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Photographic History of the United States Navy


Flag Hoist/Radio Call Sign - NELX

Displacement 1,154 Tons, Dimensions, 314' 5" (oa) x 31' 8" x 9' 10" (Max)
Armament 4 x 4"/50, 2 x 1pdr AA (1 x 3"/23AA In Some Ships), 12 x 21" tt..
Machinery, 24,200 SHP; Geared Turbines, 2 screws
Speed, 35 Knots, Crew 103.
Operational and Building Data
Laid down by Bath Iron Works, Bath Me. on August 1 1918.
Launched April 10 1919 and commissioned April 21 1919.
Decommissioned at San Diego on June 17 1922.
Recommissioning on May 24 1930.
Decommissioned again on April 1937.
Recommissioned for the final time on September 30 1939.
Decommissioned and transferred to Britain September 9 1940, renamed HMS Castleton (I23).
Stricken January 8 1941.
Fate Broken up for scrap in 1947.

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Ward 87kAaron Ward was born on 10 October 1851 in Philadelphia, Pa. Following graduation from the United States Naval Academy in 1871, he was ordered to California on the Pacific station. He next served in Brooklyn in the West Indies from 1873 to 1874, before reporting to Franklin on the European station. Ward served a tour of duty at the Naval Academy from 1876 to 1879. Next he served with the Constitution training squadron in 1879 through 1882. Ward was occupied with various professional duties at the torpedo station in Newport, R.I., and the New York Navy Yard through 1885. From 1885 to 1888 he was stationed in Hartford and Monongehela on the Pacific station. Between 1889 and 1894, Ward served as naval attaché in Paris, Berlin, and St. Petersburg. He sailed with New York in the West Indies and Brazil until 1894, and in San Francisco in the Mediterranean through 1896. During the Spanish-American War, Ward commanded Wasp. Commended for gallantry, he was advanced to lieutenant commander for conspicuous service at the Battle of Santiago. He then commanded Panther for a year in the West Indies, followed by service as chief of staff to the Asiatic station commander. From 1901 to 1908, Ward commanded Yorktown, Don Juan de Austria, and Pennsylvania successively. He served for one year as supervisor of the harbor at New York before becoming an aide to the Secretary of the Navy in 1909. In 1910 Ward was promoted to rear admiral. In 1911 he became second in command of the Atlantic Fleet. Rear Admiral Ward retired on 10 October 1913. He died on 5 July 1918, and is buried in Greenwood Cemetery, Brooklyn, N.Y. Photo courtesy of the Library of Congress.Tony Cowart/Robert M. Cieri/Bill Gonyo
Ward 97kUndated, location unknown.Robert Hurst
Ward 105kUndated, location unknown. USS Aaron Ward (DD-132) and USS Abel P.Upshur (DD-193).Gerd Matthes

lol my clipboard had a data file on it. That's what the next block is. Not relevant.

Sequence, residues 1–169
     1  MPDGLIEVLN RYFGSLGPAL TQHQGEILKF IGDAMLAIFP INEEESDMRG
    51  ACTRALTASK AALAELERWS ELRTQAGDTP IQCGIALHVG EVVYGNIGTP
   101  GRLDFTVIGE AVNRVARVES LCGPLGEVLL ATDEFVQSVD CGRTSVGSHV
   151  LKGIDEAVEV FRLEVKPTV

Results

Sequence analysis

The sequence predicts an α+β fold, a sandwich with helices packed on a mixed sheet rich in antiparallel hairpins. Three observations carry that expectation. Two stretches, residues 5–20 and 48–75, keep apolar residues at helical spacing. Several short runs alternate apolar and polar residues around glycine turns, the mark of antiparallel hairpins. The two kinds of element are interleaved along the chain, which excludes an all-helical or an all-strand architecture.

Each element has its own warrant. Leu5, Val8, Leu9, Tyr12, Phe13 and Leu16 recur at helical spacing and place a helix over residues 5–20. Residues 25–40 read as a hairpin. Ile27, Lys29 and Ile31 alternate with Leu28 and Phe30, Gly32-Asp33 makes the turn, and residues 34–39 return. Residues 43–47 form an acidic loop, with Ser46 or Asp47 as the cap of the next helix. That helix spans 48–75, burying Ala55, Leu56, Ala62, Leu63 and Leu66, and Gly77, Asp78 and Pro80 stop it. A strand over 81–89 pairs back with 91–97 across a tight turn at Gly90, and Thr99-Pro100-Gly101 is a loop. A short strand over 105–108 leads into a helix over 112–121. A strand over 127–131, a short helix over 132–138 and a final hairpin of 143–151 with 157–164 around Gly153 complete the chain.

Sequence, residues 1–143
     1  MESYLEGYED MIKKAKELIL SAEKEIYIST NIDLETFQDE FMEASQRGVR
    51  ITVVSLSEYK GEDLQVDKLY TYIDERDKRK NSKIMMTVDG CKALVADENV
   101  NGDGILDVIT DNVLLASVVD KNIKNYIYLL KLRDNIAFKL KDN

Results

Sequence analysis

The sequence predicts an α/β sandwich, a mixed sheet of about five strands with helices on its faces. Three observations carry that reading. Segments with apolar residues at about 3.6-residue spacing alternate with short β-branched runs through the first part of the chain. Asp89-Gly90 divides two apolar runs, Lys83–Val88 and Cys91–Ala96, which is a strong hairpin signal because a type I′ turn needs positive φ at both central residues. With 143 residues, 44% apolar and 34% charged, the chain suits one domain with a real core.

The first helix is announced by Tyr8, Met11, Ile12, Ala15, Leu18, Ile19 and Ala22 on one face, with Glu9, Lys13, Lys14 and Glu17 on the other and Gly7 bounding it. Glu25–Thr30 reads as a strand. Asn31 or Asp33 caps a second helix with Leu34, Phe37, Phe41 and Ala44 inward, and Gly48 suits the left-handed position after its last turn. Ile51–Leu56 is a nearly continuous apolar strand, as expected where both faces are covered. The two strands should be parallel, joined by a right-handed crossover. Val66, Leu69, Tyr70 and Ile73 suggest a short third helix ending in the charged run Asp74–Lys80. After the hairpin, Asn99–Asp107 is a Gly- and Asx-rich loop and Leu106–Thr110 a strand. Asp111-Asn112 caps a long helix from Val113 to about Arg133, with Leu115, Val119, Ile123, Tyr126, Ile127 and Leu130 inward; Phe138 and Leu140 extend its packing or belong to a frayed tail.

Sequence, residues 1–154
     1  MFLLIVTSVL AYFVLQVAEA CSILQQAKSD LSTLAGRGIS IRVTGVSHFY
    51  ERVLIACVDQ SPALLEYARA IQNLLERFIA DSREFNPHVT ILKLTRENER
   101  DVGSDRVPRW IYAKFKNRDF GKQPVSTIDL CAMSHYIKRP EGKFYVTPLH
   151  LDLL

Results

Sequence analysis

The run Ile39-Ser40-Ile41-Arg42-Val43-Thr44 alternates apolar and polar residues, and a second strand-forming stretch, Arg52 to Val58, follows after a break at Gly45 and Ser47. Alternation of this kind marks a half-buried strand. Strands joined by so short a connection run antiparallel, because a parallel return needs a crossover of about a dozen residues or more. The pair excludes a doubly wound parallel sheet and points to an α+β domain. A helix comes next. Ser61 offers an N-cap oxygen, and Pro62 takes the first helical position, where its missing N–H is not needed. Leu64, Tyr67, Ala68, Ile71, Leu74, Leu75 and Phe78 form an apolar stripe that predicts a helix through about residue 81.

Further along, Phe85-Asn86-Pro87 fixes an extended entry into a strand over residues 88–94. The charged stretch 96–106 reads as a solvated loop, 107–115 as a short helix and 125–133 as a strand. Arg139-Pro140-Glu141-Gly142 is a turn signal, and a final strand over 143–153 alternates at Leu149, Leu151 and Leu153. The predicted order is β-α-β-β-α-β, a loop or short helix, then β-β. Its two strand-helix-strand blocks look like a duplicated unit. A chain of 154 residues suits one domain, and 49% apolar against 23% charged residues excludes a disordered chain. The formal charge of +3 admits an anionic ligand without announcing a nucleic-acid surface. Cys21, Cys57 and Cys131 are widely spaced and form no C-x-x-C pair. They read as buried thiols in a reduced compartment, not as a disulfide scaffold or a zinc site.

Philip   Philip
Undated, maneuvers by the USS Philip (DD-76), USS Aaron Ward (DD-132) and USS Greer (DD-145).
Frank Hoak III, Captain US Navy retired
Ward 56kPhoto #: NH 57701, USS Aaron Ward (Destroyer # 132) off the Bath Iron Works, Bath, Maine, 10 April 1919. U.S. Naval Historical Center Photograph.Paul Rebold
Ward 51kPhoto #: NH 98488, USS Aaron Ward (Destroyer # 132) at Boston, Massachusetts, 23 April 1919. Panoramic photograph by J. Crosby, Naval Photographer, 11 Portland St., Boston, Mass. Courtesy of the Naval Historical Foundation. Crosby Collection. U.S. Naval Historical Center Photograph.Paul Rebold
Ward 112kUSS Aaron Ward (Destroyer # 132) an officer and two sailors stand watch over the flag-draped caskets of Army Lieutenants Cecil H. Connolly and Waterhouse Weiser, on board the destroyer in November 1919. The two Army fliers were killed when their plane crashed while searching for other lost aviators in Mexico. Courtesy of the San Francisco Maritime Museum, San Francisco, California, 1969. U.S. Naval Historical Center Photograph. Photo #: NH 69018.Robert Hurst
Ward 108kThirteenth Destroyer Division Officers & Crews on board their ships in San Diego Harbor, California, 6 December 1919. Signalmen are sending semaphore messages from atop the ships' bridges. Panoramic photograph by O.A. Tunnell, Masonic Temple Building, San Diego. Ships present are (from left to right): Upshur (Destroyer # 144), Greer (Destroyer # 145), Elliot (Destroyer # 146), Aaron Ward (Destroyer # 132), Buchanan (Destroyer # 131) and Philip (Destroyer # 76). Donation of Captain W.D. Puleston, USN (Retired), 1965. U.S. Naval Historical Center Photograph.Fred Weiss
Ward 64kPhoto #: NH 100414, USS Anthony (DD-172) (center) and USS Aaron Ward (DD-132) (left) photographed circa the early 1920s, probably in San Diego harbor, California. An oiler is visible behind Aaron Ward. Courtesy of Jack Howland, 1985. U.S. Naval Historical Center Photograph.Tony Cowart